If you hold a life insurance policy in Australia, the good news is that your policy will almost certainly not exclude health events that are caused by Covid-19. This is especially the case for policies that pre-date 2020, but is also almost always the case for policies that you took out before you became or become ill with Covid.
Our plan for the new year was to forget about Covid for a while and concentrate on things to do with personal finance. Well, events have caught up with us and Covid is moving through the community at a very rapid rate. So, we want to start the new year with a word of thanks to the best Australians.
We said it last year and we did not think we would need to say again this year, but thank goodness 2021 is almost at an end! Thank you for your support and may 2022 bring everything you and your loved ones could want.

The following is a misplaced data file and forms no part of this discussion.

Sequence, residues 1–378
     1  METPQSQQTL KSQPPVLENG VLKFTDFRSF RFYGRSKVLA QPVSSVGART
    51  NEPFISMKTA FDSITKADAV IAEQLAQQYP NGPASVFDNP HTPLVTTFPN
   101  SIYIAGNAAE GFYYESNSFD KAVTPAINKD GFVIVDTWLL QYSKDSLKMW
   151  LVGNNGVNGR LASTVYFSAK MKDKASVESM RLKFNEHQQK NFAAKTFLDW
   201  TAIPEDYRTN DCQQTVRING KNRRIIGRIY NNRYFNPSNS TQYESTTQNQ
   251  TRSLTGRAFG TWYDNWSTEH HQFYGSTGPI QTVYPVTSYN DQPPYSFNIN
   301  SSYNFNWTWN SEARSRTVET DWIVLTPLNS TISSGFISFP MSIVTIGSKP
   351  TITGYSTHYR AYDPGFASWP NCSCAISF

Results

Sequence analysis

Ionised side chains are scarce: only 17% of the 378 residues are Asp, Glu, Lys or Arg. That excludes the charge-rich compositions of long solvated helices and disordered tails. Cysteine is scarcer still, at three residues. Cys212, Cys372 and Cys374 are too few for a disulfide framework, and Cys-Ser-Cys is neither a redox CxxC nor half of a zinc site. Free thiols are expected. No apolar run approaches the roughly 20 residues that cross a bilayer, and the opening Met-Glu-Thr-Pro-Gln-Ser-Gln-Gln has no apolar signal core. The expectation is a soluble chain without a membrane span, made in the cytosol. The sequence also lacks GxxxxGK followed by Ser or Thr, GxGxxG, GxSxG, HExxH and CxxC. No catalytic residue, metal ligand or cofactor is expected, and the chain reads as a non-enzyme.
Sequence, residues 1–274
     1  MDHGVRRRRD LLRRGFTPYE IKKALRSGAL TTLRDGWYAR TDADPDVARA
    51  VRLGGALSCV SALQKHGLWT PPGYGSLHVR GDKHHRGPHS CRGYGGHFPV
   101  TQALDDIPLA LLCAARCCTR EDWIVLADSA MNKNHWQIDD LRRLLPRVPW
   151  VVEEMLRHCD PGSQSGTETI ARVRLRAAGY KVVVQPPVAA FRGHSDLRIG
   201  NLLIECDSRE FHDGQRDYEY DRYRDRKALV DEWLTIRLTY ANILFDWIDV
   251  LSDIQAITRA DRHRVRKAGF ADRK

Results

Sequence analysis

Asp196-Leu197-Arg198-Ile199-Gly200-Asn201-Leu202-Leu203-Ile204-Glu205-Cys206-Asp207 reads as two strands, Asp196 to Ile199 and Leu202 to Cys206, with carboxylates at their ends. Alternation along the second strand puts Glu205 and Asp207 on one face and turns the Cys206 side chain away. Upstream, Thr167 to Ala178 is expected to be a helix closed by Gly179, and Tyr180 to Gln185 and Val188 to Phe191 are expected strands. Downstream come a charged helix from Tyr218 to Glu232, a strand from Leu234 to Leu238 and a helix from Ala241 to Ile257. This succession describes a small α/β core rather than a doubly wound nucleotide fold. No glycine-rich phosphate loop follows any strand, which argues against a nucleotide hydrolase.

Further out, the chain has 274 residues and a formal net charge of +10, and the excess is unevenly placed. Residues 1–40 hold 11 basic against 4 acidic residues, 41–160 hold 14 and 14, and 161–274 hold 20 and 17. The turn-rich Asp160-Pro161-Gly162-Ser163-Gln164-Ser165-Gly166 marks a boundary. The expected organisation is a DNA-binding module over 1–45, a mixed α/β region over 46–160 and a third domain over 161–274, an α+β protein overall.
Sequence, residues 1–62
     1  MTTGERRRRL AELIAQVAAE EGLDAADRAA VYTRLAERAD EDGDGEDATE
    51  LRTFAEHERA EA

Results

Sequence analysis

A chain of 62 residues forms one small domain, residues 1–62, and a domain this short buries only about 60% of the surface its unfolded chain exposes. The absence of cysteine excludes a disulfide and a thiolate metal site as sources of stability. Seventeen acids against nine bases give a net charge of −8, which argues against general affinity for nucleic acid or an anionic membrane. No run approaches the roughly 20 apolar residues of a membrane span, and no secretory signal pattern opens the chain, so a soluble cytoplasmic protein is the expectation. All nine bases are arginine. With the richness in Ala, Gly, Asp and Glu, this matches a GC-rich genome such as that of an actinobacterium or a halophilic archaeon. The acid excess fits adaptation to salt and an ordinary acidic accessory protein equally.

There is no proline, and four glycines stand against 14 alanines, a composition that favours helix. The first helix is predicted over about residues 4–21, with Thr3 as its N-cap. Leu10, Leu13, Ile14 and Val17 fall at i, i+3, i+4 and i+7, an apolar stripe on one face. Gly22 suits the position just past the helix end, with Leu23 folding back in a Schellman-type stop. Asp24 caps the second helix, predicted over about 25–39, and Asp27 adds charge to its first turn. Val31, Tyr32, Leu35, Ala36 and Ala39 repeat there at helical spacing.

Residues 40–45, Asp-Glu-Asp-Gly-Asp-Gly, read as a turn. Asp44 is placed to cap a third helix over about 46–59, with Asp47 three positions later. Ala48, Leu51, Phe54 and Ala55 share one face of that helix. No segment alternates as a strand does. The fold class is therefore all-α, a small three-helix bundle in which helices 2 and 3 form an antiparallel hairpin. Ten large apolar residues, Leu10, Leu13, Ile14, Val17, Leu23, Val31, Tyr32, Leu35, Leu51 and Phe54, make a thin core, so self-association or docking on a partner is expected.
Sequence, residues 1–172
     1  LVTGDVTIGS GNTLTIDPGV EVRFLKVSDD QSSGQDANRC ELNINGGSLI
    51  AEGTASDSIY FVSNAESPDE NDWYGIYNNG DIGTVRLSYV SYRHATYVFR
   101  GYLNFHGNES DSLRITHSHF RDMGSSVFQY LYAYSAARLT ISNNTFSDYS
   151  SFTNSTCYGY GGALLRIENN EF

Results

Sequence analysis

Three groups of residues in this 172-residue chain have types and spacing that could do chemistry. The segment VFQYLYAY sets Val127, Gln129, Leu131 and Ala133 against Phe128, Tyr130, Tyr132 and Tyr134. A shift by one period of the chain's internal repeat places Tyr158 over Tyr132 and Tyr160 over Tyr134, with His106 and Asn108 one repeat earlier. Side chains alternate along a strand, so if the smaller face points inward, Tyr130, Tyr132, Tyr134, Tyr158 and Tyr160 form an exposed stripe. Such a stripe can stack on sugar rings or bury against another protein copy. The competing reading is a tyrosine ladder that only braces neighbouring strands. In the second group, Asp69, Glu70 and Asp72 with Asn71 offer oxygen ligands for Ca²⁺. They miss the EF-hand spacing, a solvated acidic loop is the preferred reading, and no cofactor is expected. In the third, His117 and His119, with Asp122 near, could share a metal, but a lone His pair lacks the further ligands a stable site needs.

The extraordinary growth in the price of housing in Australia leaves new home buyers increasingly reliant on the ‘bank of Mum and Dad’ to get a foothold in the property market. Six figure cash gifts are increasingly being reported. The movement of money from one person to another often raises questions about the safest way for that money to be transferred.
Continuing on with the covid theme, this week we discuss something that we are hearing anecdotally about life after Covid restrictions in general and, for the unlucky ones among us, lockdowns in particular. Many people are simply struggling to get their mojo back.
Every year the Australian Tax Office releases it’s own version of it’s ‘Hottest 100.’ Well, not really. What the ATO actually does is ask us to imagine that there are only 100 taxpayers in Australia – and then give us a profile of what that 100 people look like, according to their tax returns. This helps us put our taxpaying efforts in perspective.
This week, we saw another version of the tug of war at play in Australia’s residential property market. APRA is trying to pull prices in one direction while other arms of Government strive for the opposite result. Time will tell whose arms are stronger, but people wanting to buy homes should be barracking for APRA. A win for APRA would save people years of hard work.